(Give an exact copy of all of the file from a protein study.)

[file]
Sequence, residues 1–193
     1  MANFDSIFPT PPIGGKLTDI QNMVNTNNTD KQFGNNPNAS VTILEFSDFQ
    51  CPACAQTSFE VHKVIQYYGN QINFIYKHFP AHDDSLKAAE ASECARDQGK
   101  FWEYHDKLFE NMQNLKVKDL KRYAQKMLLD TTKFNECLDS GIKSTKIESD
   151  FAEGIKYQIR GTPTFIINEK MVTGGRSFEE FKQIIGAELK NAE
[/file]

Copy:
Sequence, residues 1–193
     1  MANFDSIFPT PPIGGKLTDI QNMVNTNNTD KQFGNNPNAS VTILEFSDFQ
    51  CPACAQTSFE VHKVIQYYGN QINFIYKHFP AHDDSLKAAE ASECARDQGK
   101  FWEYHDKLFE NMQNLKVKDL KRYAQKMLLD TTKFNECLDS GIKSTKIESD
   151  FAEGIKYQIR GTPTFIINEK MVTGGRSFEE FKQIIGAELK NAE